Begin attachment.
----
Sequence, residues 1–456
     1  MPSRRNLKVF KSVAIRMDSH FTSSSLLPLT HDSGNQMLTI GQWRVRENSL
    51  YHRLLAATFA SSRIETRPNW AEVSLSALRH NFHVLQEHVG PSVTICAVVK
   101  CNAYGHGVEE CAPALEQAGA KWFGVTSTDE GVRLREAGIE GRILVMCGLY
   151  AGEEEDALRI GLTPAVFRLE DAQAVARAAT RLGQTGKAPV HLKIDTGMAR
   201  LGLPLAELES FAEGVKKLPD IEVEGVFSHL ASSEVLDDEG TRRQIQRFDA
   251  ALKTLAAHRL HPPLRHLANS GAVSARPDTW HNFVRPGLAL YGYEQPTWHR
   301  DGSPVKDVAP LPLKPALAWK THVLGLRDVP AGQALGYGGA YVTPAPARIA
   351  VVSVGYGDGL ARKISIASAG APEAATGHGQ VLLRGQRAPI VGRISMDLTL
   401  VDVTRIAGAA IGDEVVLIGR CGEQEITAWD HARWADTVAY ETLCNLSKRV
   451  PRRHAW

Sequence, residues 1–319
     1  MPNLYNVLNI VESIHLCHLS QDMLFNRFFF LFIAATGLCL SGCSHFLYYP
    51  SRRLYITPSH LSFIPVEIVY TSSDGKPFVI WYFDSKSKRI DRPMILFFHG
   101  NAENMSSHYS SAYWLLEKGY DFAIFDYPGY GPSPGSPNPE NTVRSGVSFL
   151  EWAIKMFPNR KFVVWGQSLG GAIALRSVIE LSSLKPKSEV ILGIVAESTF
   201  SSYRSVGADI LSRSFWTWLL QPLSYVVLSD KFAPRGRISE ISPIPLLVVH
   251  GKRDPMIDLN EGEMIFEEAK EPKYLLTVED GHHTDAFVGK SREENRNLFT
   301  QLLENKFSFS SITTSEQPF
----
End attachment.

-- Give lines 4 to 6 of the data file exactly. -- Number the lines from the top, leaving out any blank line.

   101  CNAYGHGVEE CAPALEQAGA KWFGVTSTDE GVRLREAGIE GRILVMCGLY
   151  AGEEEDALRI GLTPAVFRLE DAQAVARAAT RLGQTGKAPV HLKIDTGMAR
   201  LGLPLAELES FAEGVKKLPD IEVEGVFSHL ASSEVLDDEG TRRQIQRFDA